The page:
When Nevado del Ruiz volcano, Colombia, began showing signs of restless activity in December 1984 after more than a century of quiet, a formal volcano-monitoring and risk-reduction program did not exist in the country.
Nearly a year later — after seismic monitoring was installed in July 1985 and a volcano hazard map was completed in October with international assistance — the volcano erupted on Nov. 13, 1985. The eruption was hidden in clouds and later in darkness, and fast-moving lahars (volcanic debris flows) raced down rivers draining the volcano.
Tragically, the eruption warnings were not disseminated widely and acted upon swiftly enough and, within hours, the lahars killed at least 25,000 people and injured nearly 5,000.
In the months following this tragedy, the U.S. Agency for International Development’s Office of Foreign Disaster Assistance (OFDA) enlisted the U.S. Geological Survey (USGS) to help create a program to reduce fatalities and economic losses in countries experiencing a volcano crisis.
The two agencies founded a partnership known as the Volcano Disaster Assistance Program in 1986, headquartered at the USGS Cascades Volcano Observatory in Vancouver, Wash.
Now in its 26th year of operation, VDAP’s strategy of risk reduction includes providing technical expertise during volcanic emergencies, developing and deploying volcano monitoring networks on active or restless volcanoes, and providing training and workshops to host-country scientists and emergency management officials. It has proven extremely effective in saving lives, reducing economic costs from eruptions, and building strong in-country risk-reduction capability.
Responding to official requests from other countries through the U.S. State Department, VDAP has participated in 25 major volcano crises, helped install volcano-monitoring systems in more than a dozen countries, and trained hundreds of scientists and technicians.
VDAPs work directly saved tens of thousands of lives, notably during eruptions of Mount Pinatubo, Philippines, in 1991, Nevado del Huila, Colombia, in 2007-2008, and Merapi Volcano, Indonesia, in 2010. Following the 1985 tragedy, VDAP has worked with Colombia’s scientists on several volcano crisis responses and capacity building projects, including direct involvement in establishing three observatories, like the one at Manizales that is responsible for monitoring and issuing warnings of activity at Ruiz.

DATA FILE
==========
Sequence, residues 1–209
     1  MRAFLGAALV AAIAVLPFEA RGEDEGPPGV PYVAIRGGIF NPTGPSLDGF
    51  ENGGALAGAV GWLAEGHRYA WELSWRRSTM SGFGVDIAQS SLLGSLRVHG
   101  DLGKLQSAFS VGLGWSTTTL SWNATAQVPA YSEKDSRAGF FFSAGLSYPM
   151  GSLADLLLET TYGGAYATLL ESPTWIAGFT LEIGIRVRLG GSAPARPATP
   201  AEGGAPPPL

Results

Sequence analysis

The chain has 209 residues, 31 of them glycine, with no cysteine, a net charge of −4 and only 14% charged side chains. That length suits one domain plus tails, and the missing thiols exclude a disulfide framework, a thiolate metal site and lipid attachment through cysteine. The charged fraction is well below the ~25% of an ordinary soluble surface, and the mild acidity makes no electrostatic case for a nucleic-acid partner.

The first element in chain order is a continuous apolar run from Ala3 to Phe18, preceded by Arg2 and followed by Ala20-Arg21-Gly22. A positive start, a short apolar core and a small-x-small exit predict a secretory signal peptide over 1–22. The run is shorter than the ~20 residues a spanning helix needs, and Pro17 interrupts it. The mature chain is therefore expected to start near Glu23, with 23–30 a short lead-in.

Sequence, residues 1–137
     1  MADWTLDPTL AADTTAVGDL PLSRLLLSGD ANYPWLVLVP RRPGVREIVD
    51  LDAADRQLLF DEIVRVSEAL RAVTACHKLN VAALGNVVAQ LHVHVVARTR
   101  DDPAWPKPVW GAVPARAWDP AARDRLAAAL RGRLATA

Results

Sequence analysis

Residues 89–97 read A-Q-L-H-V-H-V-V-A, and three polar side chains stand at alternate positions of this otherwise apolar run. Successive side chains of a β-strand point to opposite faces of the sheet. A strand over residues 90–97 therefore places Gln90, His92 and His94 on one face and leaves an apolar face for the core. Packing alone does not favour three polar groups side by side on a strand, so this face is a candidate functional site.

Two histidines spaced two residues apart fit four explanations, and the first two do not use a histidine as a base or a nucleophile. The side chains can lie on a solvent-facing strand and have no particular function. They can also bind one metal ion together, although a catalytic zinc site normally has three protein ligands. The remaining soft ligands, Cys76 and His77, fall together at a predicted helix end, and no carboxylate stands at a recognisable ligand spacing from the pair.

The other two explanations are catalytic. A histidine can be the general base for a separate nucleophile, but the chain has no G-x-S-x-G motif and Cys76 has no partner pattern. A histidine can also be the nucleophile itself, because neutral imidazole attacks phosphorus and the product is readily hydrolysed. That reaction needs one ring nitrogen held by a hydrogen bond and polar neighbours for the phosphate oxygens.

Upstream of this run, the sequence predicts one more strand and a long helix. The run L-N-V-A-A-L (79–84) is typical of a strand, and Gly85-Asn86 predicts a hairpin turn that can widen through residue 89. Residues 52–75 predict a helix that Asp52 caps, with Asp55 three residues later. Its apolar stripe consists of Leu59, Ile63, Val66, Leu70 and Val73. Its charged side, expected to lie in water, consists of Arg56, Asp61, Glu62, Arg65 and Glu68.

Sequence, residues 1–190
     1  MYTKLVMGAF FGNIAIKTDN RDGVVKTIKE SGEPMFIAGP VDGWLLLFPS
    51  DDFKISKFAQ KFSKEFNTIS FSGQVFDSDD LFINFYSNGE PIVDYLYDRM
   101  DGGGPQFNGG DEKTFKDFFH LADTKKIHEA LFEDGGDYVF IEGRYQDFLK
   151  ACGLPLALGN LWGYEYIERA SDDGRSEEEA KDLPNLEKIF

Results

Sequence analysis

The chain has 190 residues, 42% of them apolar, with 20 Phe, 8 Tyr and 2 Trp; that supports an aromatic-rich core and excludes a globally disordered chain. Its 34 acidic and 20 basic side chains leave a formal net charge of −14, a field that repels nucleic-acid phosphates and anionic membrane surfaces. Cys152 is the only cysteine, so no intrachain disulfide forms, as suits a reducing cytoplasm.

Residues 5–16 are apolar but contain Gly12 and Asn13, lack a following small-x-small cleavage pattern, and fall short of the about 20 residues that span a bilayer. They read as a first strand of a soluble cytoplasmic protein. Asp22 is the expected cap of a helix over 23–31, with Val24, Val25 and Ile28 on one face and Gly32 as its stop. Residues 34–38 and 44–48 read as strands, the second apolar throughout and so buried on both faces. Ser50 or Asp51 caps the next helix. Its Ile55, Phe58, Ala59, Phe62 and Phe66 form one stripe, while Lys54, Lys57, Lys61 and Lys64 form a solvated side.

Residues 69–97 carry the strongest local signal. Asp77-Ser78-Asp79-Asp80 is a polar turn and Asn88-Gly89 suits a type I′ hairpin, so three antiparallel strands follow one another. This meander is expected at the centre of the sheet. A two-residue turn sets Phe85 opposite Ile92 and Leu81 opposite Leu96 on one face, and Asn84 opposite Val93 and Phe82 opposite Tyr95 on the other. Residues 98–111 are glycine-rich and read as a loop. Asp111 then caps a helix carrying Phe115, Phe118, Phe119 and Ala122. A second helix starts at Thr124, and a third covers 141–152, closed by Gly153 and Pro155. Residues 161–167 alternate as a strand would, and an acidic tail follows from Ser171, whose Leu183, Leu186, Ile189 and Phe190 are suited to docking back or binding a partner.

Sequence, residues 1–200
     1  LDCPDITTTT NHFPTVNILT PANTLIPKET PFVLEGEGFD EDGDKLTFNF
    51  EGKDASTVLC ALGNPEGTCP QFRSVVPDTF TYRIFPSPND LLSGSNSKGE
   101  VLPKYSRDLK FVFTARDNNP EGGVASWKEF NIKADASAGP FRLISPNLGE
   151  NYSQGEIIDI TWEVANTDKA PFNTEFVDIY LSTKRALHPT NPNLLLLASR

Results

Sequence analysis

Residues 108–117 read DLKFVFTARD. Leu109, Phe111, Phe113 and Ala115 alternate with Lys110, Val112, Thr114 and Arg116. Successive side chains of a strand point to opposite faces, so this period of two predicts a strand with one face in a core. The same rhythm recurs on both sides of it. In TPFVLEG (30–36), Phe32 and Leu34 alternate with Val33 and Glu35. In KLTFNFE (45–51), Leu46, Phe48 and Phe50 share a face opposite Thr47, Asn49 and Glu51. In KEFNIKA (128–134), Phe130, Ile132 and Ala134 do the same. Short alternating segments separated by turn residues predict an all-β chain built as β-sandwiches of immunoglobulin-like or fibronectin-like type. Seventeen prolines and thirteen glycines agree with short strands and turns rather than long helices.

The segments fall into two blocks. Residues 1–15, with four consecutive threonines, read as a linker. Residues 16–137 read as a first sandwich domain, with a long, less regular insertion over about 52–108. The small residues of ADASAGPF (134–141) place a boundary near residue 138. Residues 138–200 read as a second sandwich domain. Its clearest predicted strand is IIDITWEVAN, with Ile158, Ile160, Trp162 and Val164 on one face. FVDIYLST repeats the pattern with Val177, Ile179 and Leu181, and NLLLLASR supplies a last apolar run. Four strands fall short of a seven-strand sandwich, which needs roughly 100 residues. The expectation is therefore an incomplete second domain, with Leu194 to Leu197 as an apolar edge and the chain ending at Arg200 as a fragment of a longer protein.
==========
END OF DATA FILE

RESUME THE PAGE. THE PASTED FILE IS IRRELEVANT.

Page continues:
The observatories are part of the Servicio Geologico Colombiano (Colombian Geological Service).
Two months ago in early March, Colombian scientists detected a significant increase in earthquake activity at shallow levels beneath Nevado del Ruiz and sulfur dioxide gas emissions. The seismic activity increased further in early April, and the volcano’s alert level was raised to the second highest level, signaling that an eruption was likely in days or weeks.
Local and national relief agencies activated contingency plans developed after the 1985 disaster, and people living in river valleys from the volcano were alerted to the potential threat of lahars. Colombia also formally requested additional VDAP assistance through the U.S. State Department.
For the past three weeks, a three-person VDAP team has worked with Colombia’s scientists to consult in the interpretation of the earthquake activity and upgrade components of the monitoring network, including a lahar-warning system developed at the Cascades Volcano Observatory.
Scientists interpret the recent activity at Ruiz to be caused by magma rising to a shallow level beneath the volcano. The magma, however, appears to have stalled, thereby preventing an eruption thus far, but allowing for the release of large amounts of sulfur dioxide gas into the atmosphere. Time and continued vigilance by Colombia’s scientists will tell whether the intrusion will start anew, possibly leading to an eruption from the summit crater and lahars, or return to a period of quiet.
The Ruiz tragedy will always serve as strong reminder that scientists and emergency management officials must focus on the effective dissemination of volcano warnings and participate in the development of emergency response plans so that people know what to do when a volcano erupts and warnings are issued. VDAP’s monitoring and training strategy and its focus on communication between everyone involved in a volcano emergency in the past 25 years has proven itself over and over again.
A lava lake present within the Halema‘uma‘u Overlook vent during the past week resulted in night-time glow that was visible from the Jaggar Museum overlook. The lake, which is normally about 260-380 feet below the floor of Halema‘uma‘u Crater and visible by HVO’s webcam, rose and fell slightly during the week in response to a series of deflation-inflation cycles. On Kilauea’s east rift zone, surface lava flows were active on the pali and coastal plain over the past week. The flow front that was advancing towards the ocean last week stalled early this week, shortly after a new breakout near the base of the pali began on Sunday, May 6. This new breakout has advanced towards the ocean and, as of Thursday, May 10, was still more than a half a mile from the water.
One earthquake was reported felt beneath Hawaii Island this past week. A magnitude 3.0 earthquake occurred on Sunday, May 6, at 4:40 p.m. 4 miles southwest of Kilauea summit at a depth of 18 miles. Visit the HVO website (http://hvo.wr.usgs.gov) for detailed Kilauea and Mauna Loa activity updates, recent volcano photos, recent earthquakes, and more; call 967-8862 for a Kilauea summary; email questions to askHVO@usgs.gov.
Volcano Watch is a weekly article and activity update written by scientists at the U.S. Geological Survey’s Hawaiian Volcano Observatory.